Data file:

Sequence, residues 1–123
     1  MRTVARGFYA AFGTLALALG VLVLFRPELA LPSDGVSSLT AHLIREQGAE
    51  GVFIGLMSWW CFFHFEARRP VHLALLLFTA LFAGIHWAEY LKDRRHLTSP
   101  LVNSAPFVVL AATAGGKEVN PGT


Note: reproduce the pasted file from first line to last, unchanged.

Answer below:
Sequence, residues 1–123
     1  MRTVARGFYA AFGTLALALG VLVLFRPELA LPSDGVSSLT AHLIREQGAE
    51  GVFIGLMSWW CFFHFEARRP VHLALLLFTA LFAGIHWAEY LKDRRHLTSP
   101  LVNSAPFVVL AATAGGKEVN PGT